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Russia, U.S. Agree to Expand Cooperation, Disagree on NMD

By Jim Garamone
American Forces Press Service

WASHINGTON, June 14, 2000 – Russia and the United States will expand cooperation in a number of areas, but they disagree on missile defense issues.

Following June 13 meetings in Moscow with Russian President Vladimir Putin and Defense Minister Marshal Igor Sergeyev, Defense Secretary William S. Cohen said he made generally good progress.

"We talked about ways our troops could cooperate even further, not only in Kosovo and Bosnia on the ground, but with our sea forces, air forces and strategic forces," Cohen said. He said the United States is "certainly willing to cooperate" with the Russians on theater missile defense research. The Russians have proposed an "umbrella" defense over rogue states.

"The United States is interested in exploring further the umbrella over the emerging threat areas," he said. The Russians have proposed a boost-phase anti-missile system that Cohen said presents many technical challenges. The targeted missile's boost phase, generally speaking, is the first five minutes of flight, when it's still climbing in altitude under power.

How and where such a defense system would be based poses political problems, Cohen said. Others would be who would control such a system and how it would distinguish between legitimate rocket launches and attacking intercontinental ballistic missiles.

"The United States feels it is important to continue our research and development efforts in the field of national missile defense for the possible deployment of a limited style system," Cohen said during a joint press conference with Sergeyev.

For his part, the Russian defense minister said the umbrella could be put in place by negotiating with the United States and countries affected by the plan -- either because they wish the protection or will host the system's radars, interceptors, etc. Through an interpreter, he contended the Russian boost-phase ABM would be more effective, less costly and "less detrimental to the nuclear infrastructure of either side."

Sergeyev said the United States going ahead with its currently envisioned limited National Missile Defense programs would mean pulling out of the 1972 Anti-ballistic Missile Treaty. He called the treaty the cornerstone of nuclear limitation talks between Russia and America and said the U.S. proposal would mean restarting the arms race. "It would mean an escalating battle between the shell and the armor," he said.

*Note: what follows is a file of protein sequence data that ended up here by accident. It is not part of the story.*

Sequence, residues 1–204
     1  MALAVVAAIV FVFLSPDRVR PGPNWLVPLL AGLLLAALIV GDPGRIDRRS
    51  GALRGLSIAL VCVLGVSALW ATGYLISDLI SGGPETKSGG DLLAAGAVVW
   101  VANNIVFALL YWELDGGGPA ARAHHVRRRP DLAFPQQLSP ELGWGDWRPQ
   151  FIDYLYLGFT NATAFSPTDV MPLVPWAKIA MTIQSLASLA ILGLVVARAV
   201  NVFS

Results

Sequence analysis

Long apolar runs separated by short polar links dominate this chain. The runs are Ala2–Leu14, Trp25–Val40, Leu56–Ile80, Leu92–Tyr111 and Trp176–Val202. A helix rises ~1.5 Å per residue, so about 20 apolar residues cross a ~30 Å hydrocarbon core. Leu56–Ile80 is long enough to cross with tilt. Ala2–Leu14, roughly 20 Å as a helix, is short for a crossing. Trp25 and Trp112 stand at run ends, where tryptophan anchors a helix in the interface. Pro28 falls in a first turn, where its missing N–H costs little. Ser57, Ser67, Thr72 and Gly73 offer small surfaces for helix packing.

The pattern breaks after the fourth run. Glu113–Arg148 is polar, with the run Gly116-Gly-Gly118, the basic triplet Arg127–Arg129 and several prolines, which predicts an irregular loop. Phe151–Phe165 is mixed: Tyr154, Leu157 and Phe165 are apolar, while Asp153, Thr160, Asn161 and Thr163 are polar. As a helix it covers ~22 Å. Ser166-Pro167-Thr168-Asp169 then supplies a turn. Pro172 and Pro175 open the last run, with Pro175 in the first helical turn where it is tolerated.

The meeting cleared up confusion about theater missile defense proposals Putin floated two weeks ago just before President Clinton visited Russia. During the NATO Ministerial in Brussels last week, the thought was that Putin's proposal was based on Russian S-300 or S-400 missiles, roughly the equivalent of U.S. Patriot 2 and 3 systems.

However, following the meeting it was clear the Russians were proposing a boost-phase system. The Russians have not spent any money researching such a system, said a senior U.S. defense official.

The United States will test its exoatmospheric NMD in early July, Pentagon officials said. Cohen will use test information to determine whether such a defense is technically feasible. He will make his recommendation to President Clinton in August. The president will then decide whether to go forward with the system.

U.S. intelligence analysts have determined that rogue states such as Iran, Iraq and North Korea could be capable of launching ICBMs against the United States and Western Europe by 2005.

During their meeting, Cohen and Sergeyev also signed the plan of cooperation between DoD and the Russian Ministry of Defense. Included in the plan are reciprocal visits between the secretary and the minister.

Russia and the United States will cooperate on peacekeeping and combating terrorism. The countries will also exchange specialists to discuss matters related to training chemical- biological specialists. The agreement also continues activities under the Nunn-Lugar Cooperative Threat Reduction Program.

Cohen also mentioned that Putin said the Russians and Americans should move quickly to set up a shared early warning system in Moscow. "We'd like to have it operational in the fall," the secretary said.

He said the most important aspect of the meetings wasn't NMD or shared early warning, but the fact the Russians are talking again. They broke off many military-to-military contacts following operations against Serbia last year and had stopped attending the NATO-Russia Joint Permanent Council.

Sergeyev came back to NATO June 9, and Russia is again speaking with the United States and NATO allies on a number of different initiatives.

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